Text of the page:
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[ih] NCP to TCP/IP Transition

I showed up just afterwards but people already referred to a flag day.
If I remember right, the flag day was the day that NCP was turned off
and people discovered exactly how well their TCP was working (not

Interestingly, some of the issues I heard about were applications.
E.g. a number of sites discovered they were having trouble getting
mail working right and found it convenient to send all their mail
to a site that seemed to have its act together, and have that site
forward.  CSNET remembered the huge mail burden its servers suffered
for some years (I wouldn't be surprised if SRI-NIC had a similar experience).

But others on this list actually lived it -- this note is simply to tickle
their memories.



> Hi,
> is my understanding correct in that it actually took more than a year to
> do the transition from NCP to TCP/IP, starting roughly in early 1982 and
> being done with by mid-1983? This is what RFC 801 (the plan), and rfc842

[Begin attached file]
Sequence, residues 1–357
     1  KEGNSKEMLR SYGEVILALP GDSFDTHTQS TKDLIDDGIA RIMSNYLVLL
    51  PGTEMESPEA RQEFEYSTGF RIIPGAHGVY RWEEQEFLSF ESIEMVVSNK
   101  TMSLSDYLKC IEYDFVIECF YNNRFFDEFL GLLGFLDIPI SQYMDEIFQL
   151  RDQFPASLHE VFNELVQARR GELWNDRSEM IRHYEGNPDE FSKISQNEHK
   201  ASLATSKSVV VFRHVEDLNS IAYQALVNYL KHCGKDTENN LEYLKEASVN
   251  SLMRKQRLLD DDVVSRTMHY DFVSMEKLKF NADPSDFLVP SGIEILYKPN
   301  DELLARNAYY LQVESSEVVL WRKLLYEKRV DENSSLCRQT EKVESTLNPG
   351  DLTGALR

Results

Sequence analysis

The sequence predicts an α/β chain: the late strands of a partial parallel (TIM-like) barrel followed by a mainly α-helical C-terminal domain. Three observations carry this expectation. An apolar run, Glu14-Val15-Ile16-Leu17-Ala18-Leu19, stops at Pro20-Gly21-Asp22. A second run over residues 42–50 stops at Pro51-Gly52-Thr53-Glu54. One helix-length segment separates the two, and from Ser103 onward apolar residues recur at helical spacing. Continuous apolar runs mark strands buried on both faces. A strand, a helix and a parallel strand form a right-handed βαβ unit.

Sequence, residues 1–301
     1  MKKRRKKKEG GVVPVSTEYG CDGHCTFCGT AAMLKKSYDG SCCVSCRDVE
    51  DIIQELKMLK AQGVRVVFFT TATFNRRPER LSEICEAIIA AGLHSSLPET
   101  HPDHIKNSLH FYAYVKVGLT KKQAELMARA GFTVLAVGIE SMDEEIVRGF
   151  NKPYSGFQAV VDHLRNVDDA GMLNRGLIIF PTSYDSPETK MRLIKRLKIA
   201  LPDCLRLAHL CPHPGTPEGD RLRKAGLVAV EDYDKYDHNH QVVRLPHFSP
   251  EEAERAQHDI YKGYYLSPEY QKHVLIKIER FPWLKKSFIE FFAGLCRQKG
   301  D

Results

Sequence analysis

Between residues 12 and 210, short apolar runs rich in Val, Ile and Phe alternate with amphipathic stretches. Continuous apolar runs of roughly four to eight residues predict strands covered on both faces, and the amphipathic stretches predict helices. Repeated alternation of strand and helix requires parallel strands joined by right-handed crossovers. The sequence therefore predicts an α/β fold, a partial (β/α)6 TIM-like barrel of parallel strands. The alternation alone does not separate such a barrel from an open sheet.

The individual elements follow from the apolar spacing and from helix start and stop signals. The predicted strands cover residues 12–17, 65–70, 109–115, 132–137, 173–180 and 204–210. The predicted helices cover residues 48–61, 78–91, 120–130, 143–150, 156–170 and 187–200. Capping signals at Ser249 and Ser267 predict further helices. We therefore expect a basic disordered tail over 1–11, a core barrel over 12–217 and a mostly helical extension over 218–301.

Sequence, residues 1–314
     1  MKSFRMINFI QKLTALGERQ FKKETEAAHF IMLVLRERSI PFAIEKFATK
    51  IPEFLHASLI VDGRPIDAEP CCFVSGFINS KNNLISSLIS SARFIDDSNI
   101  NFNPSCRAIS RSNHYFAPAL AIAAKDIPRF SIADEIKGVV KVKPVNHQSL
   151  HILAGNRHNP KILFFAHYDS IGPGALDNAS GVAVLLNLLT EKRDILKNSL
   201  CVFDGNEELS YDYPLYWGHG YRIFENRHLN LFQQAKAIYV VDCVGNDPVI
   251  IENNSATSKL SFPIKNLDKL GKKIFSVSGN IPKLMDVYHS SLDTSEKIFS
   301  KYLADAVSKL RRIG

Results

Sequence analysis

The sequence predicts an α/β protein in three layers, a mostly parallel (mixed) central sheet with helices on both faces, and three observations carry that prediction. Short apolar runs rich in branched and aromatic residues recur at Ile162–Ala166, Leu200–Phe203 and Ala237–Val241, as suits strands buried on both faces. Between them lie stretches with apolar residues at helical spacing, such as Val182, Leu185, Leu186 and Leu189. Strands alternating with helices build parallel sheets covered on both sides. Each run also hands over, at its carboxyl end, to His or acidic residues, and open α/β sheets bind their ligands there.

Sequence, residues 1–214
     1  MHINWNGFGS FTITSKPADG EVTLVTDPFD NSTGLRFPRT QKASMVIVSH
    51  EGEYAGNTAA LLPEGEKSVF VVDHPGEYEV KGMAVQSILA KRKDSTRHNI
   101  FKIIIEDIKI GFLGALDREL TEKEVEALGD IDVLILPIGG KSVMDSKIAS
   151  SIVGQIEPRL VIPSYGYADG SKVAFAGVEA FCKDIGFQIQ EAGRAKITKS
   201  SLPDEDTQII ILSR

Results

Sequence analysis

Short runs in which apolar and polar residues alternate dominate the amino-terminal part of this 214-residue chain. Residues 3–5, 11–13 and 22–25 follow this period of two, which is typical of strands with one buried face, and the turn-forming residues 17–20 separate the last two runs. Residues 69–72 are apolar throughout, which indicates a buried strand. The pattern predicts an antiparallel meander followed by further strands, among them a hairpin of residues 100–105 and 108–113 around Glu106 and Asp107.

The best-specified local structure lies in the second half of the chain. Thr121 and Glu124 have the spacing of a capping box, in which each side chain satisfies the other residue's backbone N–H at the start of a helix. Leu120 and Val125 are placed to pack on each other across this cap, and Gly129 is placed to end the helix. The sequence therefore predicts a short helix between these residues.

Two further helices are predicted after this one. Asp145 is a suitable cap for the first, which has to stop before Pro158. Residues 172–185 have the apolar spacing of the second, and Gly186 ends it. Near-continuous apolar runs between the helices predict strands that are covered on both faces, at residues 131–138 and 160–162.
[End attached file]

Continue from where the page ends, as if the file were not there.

> through rfc848 plus rfc876 (the progress reports) seem to indicate.
> I am asking because the transition is nowadays always being referred to
> as a flag day transition (which in may understanding is defined as the
> very absence of any transition period, e.g. something like changing from
> driving on the left to driving on the right side of the road), but
> apparently this was neither the case, nor was it intended to be. There
> was simply a deadline, which, of course, was not met.
> Also, I am wondering, have the application layer gateways (relays) that
> RFC 801 refers to been deployed, and if yes, to which extend, and how
> successful?
> And a final question, while I'm at it: How decisive was the pressure
> from DCA in this? My impression has been that without the top-down
> pressure the whole thing may well never have happened, despite all the
> money being poured into TCP/IP implementations.
> Pointers to relevant literature sources are appreciated, too. Thanks
> again for your help.
> Matthias
> -- 
> Matthias B?rwolff
> mbaer at csail.mit.edu
Craig Partridge
Chief Scientist, BBN Technologies
E-mail: craig at aland.bbn.com or craig at bbn.com
Phone: +1 517 324 3425